AAVrh.10-Mediated Expression of an Anti-Cocaine Antibody Mediates Persistent Passive Immunization That Suppresses Cocaine-Induced Behavior.
New Rochelle, NY, June 18, 2012—A single-dose vaccine capable of providing immunity against the effects of cocaine offers a novel and groundbreaking strategy for treating cocaine addiction is described in an article published Instant Online in Human Gene Therapy, a peer-reviewed journal from Mary Ann Liebert, Inc. The article is available free online at the Human Gene Therapy website.
“This is a very novel approach for addressing the huge medical problem of cocaine addiction,” says James M. Wilson, MD, PhD, Editor-in-Chief, and Director of the Gene Therapy Program, Department of Pathology and Laboratory Medicine, University of Pennsylvania Perelman School of Medicine, Philadelphia.
In the article “AAVrh.10-Mediated Expression of an Anti-Cocaine Antibody Mediates Persistent Passive Immunization That Suppresses Cocaine-Induced Behavior,” a team of researchers from Weill Cornell Medical College (New York, NY), The Scripps Research Institute (La Jolla, CA), and Cornell University (Ithaca, NY) used a virus-based delivery vehicle in mice to transfer a gene that produces a protein capable of binding to cocaine present in the blood, preventing the cocaine from crossing into the brain. The protein is a monoclonal antibody that sequesters cocaine, making the vaccinated mice resistant to the drug’s effects. Whereas unvaccinated mice exhibited hyperactivity when exposed to intravenous cocaine, the immunized mice showed no effects, according to authors Jonathan Rosenberg, et al.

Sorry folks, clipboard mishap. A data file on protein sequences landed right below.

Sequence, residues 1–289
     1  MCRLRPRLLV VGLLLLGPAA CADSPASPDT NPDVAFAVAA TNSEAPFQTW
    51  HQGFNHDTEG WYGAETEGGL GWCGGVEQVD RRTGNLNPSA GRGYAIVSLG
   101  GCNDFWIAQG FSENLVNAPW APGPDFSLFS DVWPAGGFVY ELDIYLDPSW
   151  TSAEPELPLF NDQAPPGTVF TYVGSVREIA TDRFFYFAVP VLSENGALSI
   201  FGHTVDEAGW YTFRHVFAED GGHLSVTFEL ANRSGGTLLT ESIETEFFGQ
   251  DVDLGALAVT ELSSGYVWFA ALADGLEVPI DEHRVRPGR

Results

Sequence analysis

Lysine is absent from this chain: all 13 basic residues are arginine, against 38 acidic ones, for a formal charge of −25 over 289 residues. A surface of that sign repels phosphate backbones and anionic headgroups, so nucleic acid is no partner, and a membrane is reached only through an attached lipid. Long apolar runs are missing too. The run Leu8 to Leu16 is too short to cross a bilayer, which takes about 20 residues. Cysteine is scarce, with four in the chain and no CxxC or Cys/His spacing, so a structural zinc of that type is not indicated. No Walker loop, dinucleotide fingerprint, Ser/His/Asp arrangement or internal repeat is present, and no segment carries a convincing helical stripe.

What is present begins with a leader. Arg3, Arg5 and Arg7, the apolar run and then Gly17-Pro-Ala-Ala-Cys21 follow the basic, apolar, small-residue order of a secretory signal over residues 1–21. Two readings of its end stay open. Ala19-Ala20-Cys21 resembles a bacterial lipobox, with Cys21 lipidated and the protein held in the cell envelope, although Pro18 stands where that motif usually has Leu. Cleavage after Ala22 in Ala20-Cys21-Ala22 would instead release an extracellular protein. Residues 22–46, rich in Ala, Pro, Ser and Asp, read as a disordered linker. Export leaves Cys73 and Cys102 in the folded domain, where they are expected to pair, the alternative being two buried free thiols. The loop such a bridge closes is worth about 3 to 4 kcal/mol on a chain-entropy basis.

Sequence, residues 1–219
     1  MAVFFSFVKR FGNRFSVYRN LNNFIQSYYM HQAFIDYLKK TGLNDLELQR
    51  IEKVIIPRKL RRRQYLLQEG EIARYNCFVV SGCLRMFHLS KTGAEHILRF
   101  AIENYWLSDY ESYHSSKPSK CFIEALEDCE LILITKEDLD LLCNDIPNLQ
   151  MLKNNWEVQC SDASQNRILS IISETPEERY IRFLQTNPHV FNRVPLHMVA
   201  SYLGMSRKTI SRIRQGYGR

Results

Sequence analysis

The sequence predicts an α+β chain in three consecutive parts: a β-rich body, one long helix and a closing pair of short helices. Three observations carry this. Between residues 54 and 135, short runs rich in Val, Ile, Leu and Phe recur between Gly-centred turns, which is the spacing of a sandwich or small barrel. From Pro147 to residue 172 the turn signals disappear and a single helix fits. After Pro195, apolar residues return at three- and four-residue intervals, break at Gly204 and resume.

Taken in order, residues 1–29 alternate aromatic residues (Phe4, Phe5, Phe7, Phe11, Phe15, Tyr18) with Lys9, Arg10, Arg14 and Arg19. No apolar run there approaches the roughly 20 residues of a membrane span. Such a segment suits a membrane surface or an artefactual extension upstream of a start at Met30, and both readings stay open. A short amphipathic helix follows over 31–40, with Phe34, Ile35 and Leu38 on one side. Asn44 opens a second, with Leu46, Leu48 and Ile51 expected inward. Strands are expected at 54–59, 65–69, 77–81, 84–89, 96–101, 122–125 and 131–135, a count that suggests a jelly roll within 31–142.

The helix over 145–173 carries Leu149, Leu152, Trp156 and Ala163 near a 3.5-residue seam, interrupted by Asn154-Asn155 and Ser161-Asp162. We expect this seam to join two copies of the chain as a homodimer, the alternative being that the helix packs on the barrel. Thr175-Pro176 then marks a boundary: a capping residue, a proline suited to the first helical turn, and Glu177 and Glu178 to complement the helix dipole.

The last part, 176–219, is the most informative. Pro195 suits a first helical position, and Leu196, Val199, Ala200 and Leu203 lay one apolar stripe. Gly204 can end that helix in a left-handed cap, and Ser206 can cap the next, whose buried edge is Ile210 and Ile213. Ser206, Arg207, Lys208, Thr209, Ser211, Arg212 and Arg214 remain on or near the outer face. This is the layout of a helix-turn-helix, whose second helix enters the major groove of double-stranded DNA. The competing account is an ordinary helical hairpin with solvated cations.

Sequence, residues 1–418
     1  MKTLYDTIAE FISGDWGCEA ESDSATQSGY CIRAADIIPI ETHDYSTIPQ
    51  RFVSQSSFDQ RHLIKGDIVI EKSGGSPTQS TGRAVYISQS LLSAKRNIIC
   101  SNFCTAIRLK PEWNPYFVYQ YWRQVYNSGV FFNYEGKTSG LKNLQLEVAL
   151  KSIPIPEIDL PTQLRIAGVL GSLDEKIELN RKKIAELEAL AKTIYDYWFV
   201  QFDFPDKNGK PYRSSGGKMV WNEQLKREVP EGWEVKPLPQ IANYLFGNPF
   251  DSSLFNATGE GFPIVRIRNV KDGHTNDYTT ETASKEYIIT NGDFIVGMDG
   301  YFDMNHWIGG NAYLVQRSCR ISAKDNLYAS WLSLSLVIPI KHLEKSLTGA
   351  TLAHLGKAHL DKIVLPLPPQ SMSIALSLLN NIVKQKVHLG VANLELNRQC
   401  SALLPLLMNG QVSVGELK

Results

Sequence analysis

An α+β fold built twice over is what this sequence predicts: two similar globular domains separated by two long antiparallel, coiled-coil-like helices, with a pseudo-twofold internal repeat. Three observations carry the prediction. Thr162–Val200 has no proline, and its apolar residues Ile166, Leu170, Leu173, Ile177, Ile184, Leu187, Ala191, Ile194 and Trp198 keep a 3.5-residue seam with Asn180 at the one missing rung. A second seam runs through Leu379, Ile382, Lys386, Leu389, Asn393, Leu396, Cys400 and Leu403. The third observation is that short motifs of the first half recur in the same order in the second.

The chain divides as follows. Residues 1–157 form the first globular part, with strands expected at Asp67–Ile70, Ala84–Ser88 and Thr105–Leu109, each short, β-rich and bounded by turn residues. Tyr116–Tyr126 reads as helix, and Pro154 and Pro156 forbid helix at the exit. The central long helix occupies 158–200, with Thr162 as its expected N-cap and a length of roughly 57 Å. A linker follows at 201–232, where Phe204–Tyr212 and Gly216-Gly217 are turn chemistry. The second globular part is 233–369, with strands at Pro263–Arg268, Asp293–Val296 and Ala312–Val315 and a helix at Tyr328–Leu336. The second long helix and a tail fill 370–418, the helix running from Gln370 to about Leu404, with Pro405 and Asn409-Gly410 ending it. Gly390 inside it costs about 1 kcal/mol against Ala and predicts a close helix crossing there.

Publication: AAVrh.10-Mediated Expression of an Anti-Cocaine Antibody Mediates Persistent Passive Immunization That Suppresses Cocaine-Induced Behavior
Jonathan B. Rosenberg,1,* Martin J. Hicks,1,* Bishnu P. De,1,* Odelya Pagovich,1 Esther Frenk,1 Kim D. Janda,2 Sunmee Wee,3 George F. Koob,3 Neil R. Hackett,1 Stephen M. Kaminsky,1 Stefan Worgall,1 Nicole Tignor,1
Jason G. Mezey,1,4 and Ronald G. Crystal1
1Department of Genetic Medicine, Weill Cornell Medical College, New York, NY 10065.
2The Departments of Chemistry and Immunology, The Scripps Research Institute, The Skaggs Institute for Chemical Biology and Worm
Institute of Research and Medicine, La Jolla, CA 92037.
3Committee on the Neurobiology of Addictive Disorders, The Scripps Research Institute, La Jolla, CA 92037.
4Department of Biological Statistics and Computational Biology, Cornell University, Ithaca, NY 14853.
*These authors contributed equally to this study.
Published Instant Online in Human Gene Therapy; DOI: 10.1089/hum.2011.178
Contact: Vicki Cohn, Tel: (914) 740-2156, Email: email@example.com
Source: Mary Ann Liebert, Inc.